Have you ever wondered why you see posts on Instagram in the order that you do? Instagram posted a detailed blog post titled: “Shedding More Light on How Instagram Works”. I found some of the things in their blog post to be interesting.
Instagram explained that it doesn’t have one algorithm that oversees what people do and don’t see on the app. Instead, they use “a variety of algorithms, classifiers, and processes, each with its own purpose.” Each part of the Instagram app – Feed, Explore, and Reels – uses its own algorithm tailored to how people use it.
With the exception of ads, Instagram says that the majority of what you see is shared by those you follow. Instagram uses what they call “signals” – and there are thousands of them. Here are some of the “signals” they look for when deciding how to rank a post:
Information about the post: These are signals both about how popular a post is – think how many people have liked it – and more mundane information about the content itself, like when it was posted, how long it is if it’s a video, and what location, if any, was attached to it.
Information about the person who posted: This helps Instagram to get a sense for how interesting the person might be to you, and includes signals like how many times people have interacted with that person in the past few weeks.
Your activity: This helps Instagram understand what you might be interested in and includes signals such as how many posts you’ve liked.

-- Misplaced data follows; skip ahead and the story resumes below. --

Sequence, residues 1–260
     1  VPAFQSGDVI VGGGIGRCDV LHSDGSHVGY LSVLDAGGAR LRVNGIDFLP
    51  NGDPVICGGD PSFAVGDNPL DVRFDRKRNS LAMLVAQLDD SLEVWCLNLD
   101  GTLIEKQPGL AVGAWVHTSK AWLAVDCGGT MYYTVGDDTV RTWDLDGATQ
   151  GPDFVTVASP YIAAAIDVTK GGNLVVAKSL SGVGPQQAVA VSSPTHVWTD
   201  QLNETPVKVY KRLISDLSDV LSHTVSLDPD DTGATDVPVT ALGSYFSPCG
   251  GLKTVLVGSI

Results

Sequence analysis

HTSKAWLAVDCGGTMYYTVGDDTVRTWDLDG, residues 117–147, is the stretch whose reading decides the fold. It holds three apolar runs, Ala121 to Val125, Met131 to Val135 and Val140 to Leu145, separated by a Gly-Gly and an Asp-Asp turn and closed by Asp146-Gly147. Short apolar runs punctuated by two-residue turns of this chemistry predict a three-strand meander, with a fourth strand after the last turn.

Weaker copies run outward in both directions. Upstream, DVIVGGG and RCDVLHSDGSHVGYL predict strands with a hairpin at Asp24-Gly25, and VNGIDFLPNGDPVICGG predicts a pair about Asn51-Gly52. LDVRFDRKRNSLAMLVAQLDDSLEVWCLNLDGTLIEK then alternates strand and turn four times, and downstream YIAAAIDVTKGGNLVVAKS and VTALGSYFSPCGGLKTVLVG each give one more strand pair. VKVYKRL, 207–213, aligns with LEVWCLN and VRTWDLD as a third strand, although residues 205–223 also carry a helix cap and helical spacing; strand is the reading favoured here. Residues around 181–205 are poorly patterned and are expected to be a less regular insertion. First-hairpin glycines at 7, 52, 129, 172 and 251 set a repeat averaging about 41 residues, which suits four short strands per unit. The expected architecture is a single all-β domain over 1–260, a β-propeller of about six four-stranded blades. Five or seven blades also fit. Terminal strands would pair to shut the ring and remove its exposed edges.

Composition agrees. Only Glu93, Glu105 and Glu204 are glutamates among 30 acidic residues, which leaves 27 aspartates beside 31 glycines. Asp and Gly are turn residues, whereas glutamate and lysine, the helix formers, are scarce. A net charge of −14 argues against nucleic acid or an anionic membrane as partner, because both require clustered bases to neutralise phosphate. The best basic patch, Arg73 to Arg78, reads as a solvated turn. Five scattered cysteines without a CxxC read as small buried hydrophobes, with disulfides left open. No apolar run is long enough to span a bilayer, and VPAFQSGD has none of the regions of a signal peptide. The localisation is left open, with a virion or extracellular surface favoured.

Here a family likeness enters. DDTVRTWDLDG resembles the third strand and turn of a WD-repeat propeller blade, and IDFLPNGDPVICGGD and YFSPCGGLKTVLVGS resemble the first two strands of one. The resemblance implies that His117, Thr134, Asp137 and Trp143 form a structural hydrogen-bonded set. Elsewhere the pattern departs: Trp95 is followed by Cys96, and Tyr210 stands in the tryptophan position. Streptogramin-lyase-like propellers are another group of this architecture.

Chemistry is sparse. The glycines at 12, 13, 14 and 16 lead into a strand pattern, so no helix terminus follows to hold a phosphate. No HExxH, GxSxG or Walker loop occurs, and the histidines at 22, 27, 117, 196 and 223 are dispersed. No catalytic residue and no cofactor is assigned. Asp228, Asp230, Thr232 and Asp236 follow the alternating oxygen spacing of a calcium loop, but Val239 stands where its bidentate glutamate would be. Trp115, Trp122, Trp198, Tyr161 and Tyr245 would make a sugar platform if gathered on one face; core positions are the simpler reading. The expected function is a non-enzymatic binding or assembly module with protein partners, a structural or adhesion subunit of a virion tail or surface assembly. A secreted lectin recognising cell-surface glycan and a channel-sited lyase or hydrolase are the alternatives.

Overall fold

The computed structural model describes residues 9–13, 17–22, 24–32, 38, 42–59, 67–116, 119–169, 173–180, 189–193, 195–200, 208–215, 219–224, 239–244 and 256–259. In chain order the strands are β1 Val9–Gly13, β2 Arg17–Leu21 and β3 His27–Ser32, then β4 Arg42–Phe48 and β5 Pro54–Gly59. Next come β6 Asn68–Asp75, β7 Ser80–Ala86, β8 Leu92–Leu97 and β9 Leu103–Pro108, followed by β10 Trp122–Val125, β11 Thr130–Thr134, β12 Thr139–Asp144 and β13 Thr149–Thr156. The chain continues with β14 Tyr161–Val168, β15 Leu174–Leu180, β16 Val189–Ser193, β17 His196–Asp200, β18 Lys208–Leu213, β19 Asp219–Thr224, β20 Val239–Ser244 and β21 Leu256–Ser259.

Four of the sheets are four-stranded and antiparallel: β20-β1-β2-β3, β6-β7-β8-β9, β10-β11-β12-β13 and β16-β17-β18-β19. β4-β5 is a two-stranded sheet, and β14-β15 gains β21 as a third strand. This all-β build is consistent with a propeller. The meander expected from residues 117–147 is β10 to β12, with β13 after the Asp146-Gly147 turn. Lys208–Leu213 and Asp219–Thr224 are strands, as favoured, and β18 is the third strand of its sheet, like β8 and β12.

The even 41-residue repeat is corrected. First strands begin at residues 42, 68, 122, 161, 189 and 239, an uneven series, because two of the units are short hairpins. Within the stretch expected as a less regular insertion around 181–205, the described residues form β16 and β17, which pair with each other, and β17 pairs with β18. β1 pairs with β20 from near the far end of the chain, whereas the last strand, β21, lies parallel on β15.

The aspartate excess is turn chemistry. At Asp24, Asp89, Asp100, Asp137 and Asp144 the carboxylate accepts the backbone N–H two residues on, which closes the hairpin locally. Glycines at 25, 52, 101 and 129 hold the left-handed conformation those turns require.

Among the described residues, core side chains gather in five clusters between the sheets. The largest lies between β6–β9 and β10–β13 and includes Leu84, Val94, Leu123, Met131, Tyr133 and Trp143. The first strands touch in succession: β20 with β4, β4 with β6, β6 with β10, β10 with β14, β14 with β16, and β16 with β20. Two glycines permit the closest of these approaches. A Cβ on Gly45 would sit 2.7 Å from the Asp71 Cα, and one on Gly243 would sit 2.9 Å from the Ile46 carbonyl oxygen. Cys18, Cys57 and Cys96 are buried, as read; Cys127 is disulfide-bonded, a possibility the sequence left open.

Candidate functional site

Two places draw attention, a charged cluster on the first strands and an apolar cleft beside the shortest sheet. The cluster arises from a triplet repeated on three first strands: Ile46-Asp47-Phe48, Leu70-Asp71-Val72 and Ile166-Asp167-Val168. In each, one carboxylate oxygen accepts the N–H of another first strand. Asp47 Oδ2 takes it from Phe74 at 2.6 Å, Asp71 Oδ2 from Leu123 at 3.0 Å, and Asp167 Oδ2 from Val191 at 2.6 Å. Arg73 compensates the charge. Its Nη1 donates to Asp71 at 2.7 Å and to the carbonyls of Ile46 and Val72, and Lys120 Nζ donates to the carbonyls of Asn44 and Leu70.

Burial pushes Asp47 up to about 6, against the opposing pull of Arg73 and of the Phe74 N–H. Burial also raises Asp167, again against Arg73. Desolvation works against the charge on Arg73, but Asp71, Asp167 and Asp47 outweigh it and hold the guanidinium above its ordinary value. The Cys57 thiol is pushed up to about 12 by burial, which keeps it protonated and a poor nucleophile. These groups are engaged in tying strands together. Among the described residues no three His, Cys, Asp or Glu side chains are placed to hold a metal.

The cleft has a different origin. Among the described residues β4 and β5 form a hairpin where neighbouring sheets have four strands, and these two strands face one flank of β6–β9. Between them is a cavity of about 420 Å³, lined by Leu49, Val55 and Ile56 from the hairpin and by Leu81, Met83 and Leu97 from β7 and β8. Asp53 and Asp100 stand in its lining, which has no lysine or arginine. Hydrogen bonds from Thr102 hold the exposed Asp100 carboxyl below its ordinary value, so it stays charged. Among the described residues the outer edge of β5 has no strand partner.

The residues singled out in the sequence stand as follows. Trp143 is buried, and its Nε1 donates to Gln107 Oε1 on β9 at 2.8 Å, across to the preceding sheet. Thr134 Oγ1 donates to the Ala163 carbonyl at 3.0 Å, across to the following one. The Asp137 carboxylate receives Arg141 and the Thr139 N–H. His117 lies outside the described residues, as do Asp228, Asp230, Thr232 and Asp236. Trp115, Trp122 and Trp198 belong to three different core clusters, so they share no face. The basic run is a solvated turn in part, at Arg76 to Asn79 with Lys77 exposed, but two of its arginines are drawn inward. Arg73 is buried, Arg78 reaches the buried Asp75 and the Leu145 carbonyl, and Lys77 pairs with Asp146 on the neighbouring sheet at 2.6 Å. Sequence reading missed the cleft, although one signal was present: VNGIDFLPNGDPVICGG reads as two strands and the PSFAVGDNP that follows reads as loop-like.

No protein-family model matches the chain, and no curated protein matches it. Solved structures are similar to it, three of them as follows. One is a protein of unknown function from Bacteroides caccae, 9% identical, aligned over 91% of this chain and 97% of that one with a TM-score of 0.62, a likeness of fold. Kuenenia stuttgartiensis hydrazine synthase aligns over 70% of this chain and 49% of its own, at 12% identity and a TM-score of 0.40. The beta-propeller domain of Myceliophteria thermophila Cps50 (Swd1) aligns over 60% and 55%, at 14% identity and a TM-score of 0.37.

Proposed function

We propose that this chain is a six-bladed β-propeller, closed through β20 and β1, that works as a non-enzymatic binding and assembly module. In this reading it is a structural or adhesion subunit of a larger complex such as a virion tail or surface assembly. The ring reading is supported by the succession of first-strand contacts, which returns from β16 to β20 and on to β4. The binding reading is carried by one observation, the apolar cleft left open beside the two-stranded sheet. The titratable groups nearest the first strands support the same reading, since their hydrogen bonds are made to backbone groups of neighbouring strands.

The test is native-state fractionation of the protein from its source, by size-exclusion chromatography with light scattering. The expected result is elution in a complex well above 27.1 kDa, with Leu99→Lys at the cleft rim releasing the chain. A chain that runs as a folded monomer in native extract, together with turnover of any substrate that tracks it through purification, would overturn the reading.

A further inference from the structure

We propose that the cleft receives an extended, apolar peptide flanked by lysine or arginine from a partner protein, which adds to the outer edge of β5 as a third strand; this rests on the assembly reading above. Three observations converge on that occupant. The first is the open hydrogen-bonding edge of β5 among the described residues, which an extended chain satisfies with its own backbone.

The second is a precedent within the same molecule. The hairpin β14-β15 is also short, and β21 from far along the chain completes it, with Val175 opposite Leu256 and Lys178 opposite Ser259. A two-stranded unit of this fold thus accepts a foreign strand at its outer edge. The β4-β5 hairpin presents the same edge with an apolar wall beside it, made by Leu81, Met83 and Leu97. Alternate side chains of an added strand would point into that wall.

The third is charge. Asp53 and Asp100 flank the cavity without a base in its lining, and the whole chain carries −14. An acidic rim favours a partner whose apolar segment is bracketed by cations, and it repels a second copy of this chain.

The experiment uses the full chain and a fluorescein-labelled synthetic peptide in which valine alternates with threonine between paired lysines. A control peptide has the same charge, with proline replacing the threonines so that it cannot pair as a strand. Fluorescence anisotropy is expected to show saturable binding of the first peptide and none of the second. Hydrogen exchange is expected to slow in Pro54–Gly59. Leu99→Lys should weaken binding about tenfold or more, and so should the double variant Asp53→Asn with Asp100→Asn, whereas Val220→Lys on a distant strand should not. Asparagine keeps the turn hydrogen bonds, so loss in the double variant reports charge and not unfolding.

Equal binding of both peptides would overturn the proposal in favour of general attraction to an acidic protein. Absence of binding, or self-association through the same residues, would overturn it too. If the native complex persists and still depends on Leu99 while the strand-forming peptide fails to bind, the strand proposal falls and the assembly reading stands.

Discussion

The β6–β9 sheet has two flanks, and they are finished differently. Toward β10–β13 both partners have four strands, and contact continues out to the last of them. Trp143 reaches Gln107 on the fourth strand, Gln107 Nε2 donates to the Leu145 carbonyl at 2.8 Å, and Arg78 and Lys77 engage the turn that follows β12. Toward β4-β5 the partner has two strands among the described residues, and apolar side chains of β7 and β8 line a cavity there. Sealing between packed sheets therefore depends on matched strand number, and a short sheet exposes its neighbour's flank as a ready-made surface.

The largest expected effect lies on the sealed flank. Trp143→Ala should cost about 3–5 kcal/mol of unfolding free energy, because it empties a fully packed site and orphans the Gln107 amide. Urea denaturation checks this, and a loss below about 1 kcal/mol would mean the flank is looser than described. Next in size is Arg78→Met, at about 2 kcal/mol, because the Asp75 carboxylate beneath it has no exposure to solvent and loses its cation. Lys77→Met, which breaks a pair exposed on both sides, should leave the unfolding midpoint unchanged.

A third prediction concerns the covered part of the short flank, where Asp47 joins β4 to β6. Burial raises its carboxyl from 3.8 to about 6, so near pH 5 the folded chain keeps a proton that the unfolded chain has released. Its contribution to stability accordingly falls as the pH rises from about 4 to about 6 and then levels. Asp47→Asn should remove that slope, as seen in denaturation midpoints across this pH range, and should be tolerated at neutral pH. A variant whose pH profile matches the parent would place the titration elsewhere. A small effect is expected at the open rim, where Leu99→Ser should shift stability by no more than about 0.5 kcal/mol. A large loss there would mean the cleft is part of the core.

Your history of interacting with someone: This gives Instagram a sense of how interested you are generally in seeing posts from a particular person. An example is whether or not you comment on each other’s posts.
From this, I am getting the feeling that Instagram has been collecting a whole lot of data about its users. Personally, this makes me uncomfortable. I guess I shouldn’t be surprised, considering that Facebook owns Instagram.
Instagram also wrote about “Shadowbanning” (which they have put in quotes). Instagram states that “shadowbanning” is a broad term that people use to describe many different experiences on Instagram. Instagram concludes that they need to be more clear about why they take down content, what is recommendable, and what isn’t.
In addition, Instagram notes that people consider their posts that are getting fewer likes or comments as a form of “shadowbanning”. Instagram responds: “We can’t promise you that you’ll consistently reach the same amount of people when you post. The truth is most of your followers won’t see what you share, because most look at less than half of their feed.”